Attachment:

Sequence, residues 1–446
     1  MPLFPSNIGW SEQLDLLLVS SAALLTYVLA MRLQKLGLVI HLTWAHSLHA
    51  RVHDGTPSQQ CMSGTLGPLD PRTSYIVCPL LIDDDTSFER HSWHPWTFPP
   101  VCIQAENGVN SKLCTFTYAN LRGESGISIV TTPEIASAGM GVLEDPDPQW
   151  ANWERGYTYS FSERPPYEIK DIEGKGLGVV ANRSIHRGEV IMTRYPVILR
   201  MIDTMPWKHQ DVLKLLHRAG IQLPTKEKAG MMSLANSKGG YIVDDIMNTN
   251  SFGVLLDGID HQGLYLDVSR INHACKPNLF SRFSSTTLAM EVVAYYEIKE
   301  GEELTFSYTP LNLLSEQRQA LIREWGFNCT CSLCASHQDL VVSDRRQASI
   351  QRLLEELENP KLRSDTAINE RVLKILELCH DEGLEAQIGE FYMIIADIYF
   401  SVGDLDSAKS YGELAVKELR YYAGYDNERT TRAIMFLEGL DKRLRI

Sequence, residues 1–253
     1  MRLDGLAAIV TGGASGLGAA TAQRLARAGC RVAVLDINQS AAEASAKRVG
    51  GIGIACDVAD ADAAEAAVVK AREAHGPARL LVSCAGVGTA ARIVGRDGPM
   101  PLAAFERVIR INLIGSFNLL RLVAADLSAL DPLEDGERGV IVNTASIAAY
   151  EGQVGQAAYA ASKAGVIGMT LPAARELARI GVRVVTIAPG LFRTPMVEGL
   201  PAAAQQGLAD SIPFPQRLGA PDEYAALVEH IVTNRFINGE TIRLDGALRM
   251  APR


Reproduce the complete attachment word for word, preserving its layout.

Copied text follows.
Sequence, residues 1–446
     1  MPLFPSNIGW SEQLDLLLVS SAALLTYVLA MRLQKLGLVI HLTWAHSLHA
    51  RVHDGTPSQQ CMSGTLGPLD PRTSYIVCPL LIDDDTSFER HSWHPWTFPP
   101  VCIQAENGVN SKLCTFTYAN LRGESGISIV TTPEIASAGM GVLEDPDPQW
   151  ANWERGYTYS FSERPPYEIK DIEGKGLGVV ANRSIHRGEV IMTRYPVILR
   201  MIDTMPWKHQ DVLKLLHRAG IQLPTKEKAG MMSLANSKGG YIVDDIMNTN
   251  SFGVLLDGID HQGLYLDVSR INHACKPNLF SRFSSTTLAM EVVAYYEIKE
   301  GEELTFSYTP LNLLSEQRQA LIREWGFNCT CSLCASHQDL VVSDRRQASI
   351  QRLLEELENP KLRSDTAINE RVLKILELCH DEGLEAQIGE FYMIIADIYF
   401  SVGDLDSAKS YGELAVKELR YYAGYDNERT TRAIMFLEGL DKRLRI

Sequence, residues 1–253
     1  MRLDGLAAIV TGGASGLGAA TAQRLARAGC RVAVLDINQS AAEASAKRVG
    51  GIGIACDVAD ADAAEAAVVK AREAHGPARL LVSCAGVGTA ARIVGRDGPM
   101  PLAAFERVIR INLIGSFNLL RLVAADLSAL DPLEDGERGV IVNTASIAAY
   151  EGQVGQAAYA ASKAGVIGMT LPAARELARI GVRVVTIAPG LFRTPMVEGL
   201  PAAAQQGLAD SIPFPQRLGA PDEYAALVEH IVTNRFINGE TIRLDGALRM
   251  APR